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FOS: Industry ‘addicted’ to mis-selling

by: Cover
  • 20/06/2011
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FOS: Industry ‘addicted’ to mis-selling
The Financial Ombudsman Service (FOS) has hit out at the FSA for not intervening in to the Payment Protection Insurance (PPI) problem sooner and criticised the industry for being addicted to regular mis-selling scandals.

It also revealed it is to start publishing its findings following government requests for greater transparency.

Speaking at the British Bankers’ Association (BBA) complaints-handling seminar, Tony Boorman, principal ombudsman, explained the FOS had been left with over 100,000 complaints from the PPI scandal and that the industry had become its own worst enemy.

“It sometimes seems as if this industry is addicted to regular mis-selling scandals,” he said.

“So what lessons can we learn from PPI and from those previous cases of “mass detriment” and industry failures? The first lesson is clearly that early and decisive action is in the interests of all parties.

“Too often we have seen problems that are at first ignored, then denied, then minimised, and only eventually tackled when it is too late,” he added.

Boorman also targeted the regulator for not acting more decisively when the scandal first broke.

“Much of the focus here has been on the role of the regulator,” he continued.

“There is a perception that too often in the past the regulator has, for whatever reason, been unwilling or unable to act – or at least to do so promptly.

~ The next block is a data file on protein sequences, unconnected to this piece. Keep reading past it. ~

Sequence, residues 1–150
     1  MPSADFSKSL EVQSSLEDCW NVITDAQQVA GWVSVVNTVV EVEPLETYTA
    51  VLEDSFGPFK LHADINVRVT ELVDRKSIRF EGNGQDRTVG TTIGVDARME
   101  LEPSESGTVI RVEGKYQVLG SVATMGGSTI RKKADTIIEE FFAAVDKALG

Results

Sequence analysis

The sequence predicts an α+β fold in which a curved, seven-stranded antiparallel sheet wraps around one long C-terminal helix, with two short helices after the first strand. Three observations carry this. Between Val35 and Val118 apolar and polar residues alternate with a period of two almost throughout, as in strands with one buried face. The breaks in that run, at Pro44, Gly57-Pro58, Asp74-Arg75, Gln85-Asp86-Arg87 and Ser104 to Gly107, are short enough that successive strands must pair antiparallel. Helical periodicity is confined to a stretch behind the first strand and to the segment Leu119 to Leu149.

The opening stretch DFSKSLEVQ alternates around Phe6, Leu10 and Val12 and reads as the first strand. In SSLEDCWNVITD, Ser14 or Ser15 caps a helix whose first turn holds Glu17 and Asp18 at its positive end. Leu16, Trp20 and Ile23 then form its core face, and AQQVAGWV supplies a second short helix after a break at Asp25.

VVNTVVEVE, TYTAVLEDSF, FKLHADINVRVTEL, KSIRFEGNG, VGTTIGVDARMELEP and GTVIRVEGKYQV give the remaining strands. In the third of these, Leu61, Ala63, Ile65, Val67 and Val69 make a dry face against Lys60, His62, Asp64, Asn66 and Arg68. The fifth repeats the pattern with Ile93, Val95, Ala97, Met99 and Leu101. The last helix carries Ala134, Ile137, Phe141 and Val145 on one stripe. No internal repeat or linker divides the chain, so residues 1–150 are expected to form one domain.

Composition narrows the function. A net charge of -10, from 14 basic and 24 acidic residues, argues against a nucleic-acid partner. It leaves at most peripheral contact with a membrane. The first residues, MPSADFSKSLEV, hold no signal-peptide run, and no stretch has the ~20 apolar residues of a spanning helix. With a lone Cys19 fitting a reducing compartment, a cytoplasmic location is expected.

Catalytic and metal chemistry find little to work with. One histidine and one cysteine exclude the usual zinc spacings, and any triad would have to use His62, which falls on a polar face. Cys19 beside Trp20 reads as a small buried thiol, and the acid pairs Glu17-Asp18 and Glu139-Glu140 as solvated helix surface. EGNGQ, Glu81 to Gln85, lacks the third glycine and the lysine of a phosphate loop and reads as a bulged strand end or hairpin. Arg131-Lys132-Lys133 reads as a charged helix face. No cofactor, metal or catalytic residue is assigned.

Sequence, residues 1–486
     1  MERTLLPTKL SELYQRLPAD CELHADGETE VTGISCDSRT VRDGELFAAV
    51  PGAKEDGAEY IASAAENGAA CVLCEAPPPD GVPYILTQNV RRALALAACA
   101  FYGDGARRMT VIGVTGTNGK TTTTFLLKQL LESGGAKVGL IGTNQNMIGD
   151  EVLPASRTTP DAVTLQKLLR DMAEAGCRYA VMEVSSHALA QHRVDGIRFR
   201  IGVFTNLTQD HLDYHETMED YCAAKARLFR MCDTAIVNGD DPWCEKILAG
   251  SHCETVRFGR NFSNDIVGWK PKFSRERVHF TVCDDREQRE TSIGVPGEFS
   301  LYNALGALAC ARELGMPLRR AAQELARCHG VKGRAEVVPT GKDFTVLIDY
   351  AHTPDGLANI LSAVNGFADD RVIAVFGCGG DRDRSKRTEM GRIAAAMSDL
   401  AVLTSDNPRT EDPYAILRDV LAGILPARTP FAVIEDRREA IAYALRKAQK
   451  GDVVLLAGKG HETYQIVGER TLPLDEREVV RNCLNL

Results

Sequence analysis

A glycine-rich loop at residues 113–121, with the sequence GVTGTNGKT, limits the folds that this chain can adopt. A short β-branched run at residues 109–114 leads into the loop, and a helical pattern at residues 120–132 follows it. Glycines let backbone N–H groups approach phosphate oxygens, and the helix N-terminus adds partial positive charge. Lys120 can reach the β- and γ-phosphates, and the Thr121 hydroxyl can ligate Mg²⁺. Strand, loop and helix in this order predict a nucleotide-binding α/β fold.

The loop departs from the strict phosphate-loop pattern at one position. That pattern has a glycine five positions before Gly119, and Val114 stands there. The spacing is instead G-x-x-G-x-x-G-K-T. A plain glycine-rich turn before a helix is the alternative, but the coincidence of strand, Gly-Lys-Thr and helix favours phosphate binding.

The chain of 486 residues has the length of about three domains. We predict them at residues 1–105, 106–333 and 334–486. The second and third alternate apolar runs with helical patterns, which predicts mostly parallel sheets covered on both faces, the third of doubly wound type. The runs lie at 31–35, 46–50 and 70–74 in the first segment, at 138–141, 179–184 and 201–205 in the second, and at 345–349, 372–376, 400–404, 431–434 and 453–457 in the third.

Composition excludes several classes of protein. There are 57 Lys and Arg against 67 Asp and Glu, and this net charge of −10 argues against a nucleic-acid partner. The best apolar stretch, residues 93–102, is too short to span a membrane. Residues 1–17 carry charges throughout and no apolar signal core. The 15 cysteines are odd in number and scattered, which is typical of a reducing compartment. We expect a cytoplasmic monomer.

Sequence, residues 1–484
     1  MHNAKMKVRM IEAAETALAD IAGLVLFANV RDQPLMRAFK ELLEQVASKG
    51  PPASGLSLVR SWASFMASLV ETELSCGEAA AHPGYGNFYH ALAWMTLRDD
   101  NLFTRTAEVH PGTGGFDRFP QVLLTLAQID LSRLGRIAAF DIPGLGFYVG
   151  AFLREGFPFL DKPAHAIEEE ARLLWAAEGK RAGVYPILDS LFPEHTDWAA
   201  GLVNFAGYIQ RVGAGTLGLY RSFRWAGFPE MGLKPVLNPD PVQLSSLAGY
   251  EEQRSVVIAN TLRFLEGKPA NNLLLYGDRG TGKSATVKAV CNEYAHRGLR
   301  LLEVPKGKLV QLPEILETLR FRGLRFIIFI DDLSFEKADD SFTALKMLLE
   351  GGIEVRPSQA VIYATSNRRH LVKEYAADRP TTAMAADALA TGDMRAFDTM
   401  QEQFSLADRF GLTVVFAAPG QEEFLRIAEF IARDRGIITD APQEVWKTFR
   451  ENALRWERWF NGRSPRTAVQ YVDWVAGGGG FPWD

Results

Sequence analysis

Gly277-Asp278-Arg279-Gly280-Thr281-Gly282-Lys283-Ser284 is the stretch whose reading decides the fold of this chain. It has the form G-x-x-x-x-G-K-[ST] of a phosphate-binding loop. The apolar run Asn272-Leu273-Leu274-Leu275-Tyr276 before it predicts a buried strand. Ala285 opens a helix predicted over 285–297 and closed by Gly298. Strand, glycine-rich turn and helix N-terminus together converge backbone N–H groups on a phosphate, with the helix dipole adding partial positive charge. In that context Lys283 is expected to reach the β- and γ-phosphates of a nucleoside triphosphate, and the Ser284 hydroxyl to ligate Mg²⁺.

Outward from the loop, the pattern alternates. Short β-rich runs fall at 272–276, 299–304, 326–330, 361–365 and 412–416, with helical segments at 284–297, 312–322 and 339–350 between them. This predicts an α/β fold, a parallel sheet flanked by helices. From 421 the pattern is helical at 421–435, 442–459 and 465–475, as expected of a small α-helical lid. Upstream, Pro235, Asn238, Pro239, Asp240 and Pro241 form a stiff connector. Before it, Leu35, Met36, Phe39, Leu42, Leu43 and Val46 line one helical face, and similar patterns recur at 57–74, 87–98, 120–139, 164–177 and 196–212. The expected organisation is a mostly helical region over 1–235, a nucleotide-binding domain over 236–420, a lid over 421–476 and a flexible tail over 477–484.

“Whatever your perspective on the issue, I don’t think any of us would disagree that earlier regulatory action on PPI would have been in the public interest.

“But the industry also has a responsibility – it needs to be more open to accepting critical observations about past practices and more ready to propose ways in which those problems can be resolved fairly, efficiently and promptly,” he added.

And Boorman clarified FOS’ approach to handling claims and the path to greater transparency by publishing its findings.

“We need a way to ensure we make information openly available in an orderly and fair way – not least recognising the sensitivity of much of the personal information which we need to handle.

“But I also think greater transparency will help bust some myths about what, in reality, we actually do.

“Our next steps here will be to set out for discussion later this year how we might best handle the publication of ombudsman decisions,” he added.

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